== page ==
The 52 beekeepers answered 125 questions on the written test, dealing with basic honey bee biology, beekeeping equipment, maladies of the hive, and management techniques. Then they took the practical exam, which consisted of 20 minutes of one-on-one time with an examiner. They demonstrated their mastery of basic colony and hive inspections, identification of equipment and different hive types, and various management techniques.
The most intimidating portion of the exam? Performing a sugar shake to monitor for varroa mite levels, the Niños said. The parasitic varroa mites are considered "Public Enemy No. 1" of honey bees.
The first beekeeper to sign up for the practical test, held in the Laidlaw apiary, was Cheryl Veretto, president of the Sonoma County Beekeepers' Association (SCBA) and a member of the Sonoma County Master Gardeners (SCMG).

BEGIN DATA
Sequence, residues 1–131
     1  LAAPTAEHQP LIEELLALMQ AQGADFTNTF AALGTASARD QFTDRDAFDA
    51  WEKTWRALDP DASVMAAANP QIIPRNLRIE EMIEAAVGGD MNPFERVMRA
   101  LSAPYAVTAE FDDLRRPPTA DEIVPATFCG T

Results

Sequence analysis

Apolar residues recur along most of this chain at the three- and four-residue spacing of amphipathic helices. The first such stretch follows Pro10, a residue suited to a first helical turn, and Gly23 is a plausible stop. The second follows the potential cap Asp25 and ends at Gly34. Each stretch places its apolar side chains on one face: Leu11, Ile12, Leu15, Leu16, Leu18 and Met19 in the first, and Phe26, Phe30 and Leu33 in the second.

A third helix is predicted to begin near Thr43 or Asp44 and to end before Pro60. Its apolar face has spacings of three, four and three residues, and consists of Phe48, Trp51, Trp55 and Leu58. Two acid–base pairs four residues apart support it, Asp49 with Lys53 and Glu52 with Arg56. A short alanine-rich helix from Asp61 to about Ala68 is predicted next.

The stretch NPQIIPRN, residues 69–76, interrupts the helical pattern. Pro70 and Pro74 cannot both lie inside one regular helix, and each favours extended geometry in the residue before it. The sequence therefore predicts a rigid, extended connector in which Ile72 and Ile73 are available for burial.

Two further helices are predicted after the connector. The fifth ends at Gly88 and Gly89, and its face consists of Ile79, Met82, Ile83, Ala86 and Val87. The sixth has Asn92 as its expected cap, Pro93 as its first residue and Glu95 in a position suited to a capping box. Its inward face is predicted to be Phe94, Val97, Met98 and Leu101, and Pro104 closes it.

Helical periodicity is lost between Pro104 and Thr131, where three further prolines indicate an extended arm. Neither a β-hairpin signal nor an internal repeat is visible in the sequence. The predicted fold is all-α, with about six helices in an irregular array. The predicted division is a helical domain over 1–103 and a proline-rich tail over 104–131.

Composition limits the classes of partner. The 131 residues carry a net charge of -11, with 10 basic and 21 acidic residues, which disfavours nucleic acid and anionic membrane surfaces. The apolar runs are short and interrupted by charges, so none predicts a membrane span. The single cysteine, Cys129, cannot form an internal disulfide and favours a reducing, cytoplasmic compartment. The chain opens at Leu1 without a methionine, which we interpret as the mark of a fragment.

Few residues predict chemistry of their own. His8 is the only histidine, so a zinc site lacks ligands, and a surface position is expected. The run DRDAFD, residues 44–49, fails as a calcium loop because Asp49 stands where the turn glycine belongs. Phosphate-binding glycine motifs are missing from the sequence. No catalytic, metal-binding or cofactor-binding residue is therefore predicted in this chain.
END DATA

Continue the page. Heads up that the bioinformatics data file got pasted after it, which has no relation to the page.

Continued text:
“I signed up to get it over with," Veretto acknowledged. "I hate waiting for a test--it is nerve-racking. But once I opened the hive, I felt at home. The Master Beekeeper session was somewhat intense studying for the test. There is a lot of science/biology and vocabulary that I learned. Overall, it was a great experience. And I passed."
Veretto joined SCBA seven years ago, and has been keeping bees for six years. Seven years ago, the membership totaled 95; today it's 460. "SCBA has been a non-profit since 2011," she said. "Prior to that it was a club that changed names a few times but the core beekeepers have been going since 1990s."
How did she decide to be a beekeeper; what interested her in bees and in beekeeping? “I started out as a greedy gardener-- wanting everything to be pollinated so that I could select my best,” Veretto recalled. “I have always planted for pollinators in my gardens, but wanted to maximize, and so, I started beekeeping--and what a journey its been. I am now an activist for pollinators, and you never stop learning when you get into bees/beekeeping. The honey bee and humans are tied together closer than many think."